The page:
In 1967, a similarly young Scorsese picked up a camera and shot his six-minute anti-Vietnam War shocker, The Big Shave, a film that still packs a punch today. A young man (Peter Bernuth) approaches his bathroom mirror, applies foam to his face and begins to shave. Blood appears and by the end of the film, his face is in gory tatters. What makes the film so special is not just the gore and the pain of watching a guy razor his face to bits but the juxtaposition of Bunny Berigan’s I Can’t Get Started playing over the action. This short film foreshadows some of the most memorable scenes from Scorsese’s wise guy movies for the rest of his career.
Starting with 1973’s Mean Streets, Scorsese built up an ensemble of go-to actors to bring to glorious life the characters from the wrong side of the tracks. The mainstay of this troupe would include, to varying degrees, Harvey Keitel, Joe Pesci and most notably Robert De Niro, who, at the age of 30, brought the manic Johnny Boy to life and created a persona that would re-occur throughout many of his key films; unhinged and unpredictable with a manic grin to match.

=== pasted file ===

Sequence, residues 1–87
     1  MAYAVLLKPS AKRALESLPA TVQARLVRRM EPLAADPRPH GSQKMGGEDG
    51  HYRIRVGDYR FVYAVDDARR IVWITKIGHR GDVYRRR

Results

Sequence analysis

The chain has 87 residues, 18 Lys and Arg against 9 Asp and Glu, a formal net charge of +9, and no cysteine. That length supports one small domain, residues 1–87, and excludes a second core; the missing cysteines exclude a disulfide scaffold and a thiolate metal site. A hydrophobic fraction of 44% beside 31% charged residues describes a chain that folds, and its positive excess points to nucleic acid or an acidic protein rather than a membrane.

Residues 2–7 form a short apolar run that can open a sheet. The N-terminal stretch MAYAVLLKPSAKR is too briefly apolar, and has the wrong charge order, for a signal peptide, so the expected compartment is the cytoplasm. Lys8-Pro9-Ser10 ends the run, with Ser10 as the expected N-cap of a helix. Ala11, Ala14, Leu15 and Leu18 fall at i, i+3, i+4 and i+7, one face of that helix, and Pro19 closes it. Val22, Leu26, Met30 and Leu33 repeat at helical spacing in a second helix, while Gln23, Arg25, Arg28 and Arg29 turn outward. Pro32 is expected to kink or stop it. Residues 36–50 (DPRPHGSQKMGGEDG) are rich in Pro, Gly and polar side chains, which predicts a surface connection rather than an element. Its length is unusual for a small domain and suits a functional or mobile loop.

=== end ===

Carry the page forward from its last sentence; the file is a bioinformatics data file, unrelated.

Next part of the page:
Set on Scorsese’s childhood streets and in the bars of New York’s Little Italy, what Mean Streets lacks in a coherent narrative it more than makes up for in its snapshot of grimy street life and gangster living. The Ronettes’ Be My Baby plays over the Super 8 footage of Keitel’s Jimmy and De Niro’s Johnny Boy hanging out with hoodlums and priests; Catholicism another key theme in these movies. The use of Phil Spector’s bubblegum classic sets the scene for a film that does not rely so much on a score but on a setlist of recognisable radio fare. He mixes honey-dripping American pop and doo-wop (The Marvelettes, The Paragons, The Chantels and The Chips), much like the campier John Waters and Kenneth Anger, but with added examples of canzone Napoletana (traditional Neopolitan song) with the inclusion of artists like Renato Carosone and Guiseppe Di Stefano. The inclusion of Italian music alongside American pop establishes the neighbourhood setting and Scorsese’s heritage – but perhaps more importantly adds panache and reflects the lifestyles that his characters yearn to inhabit.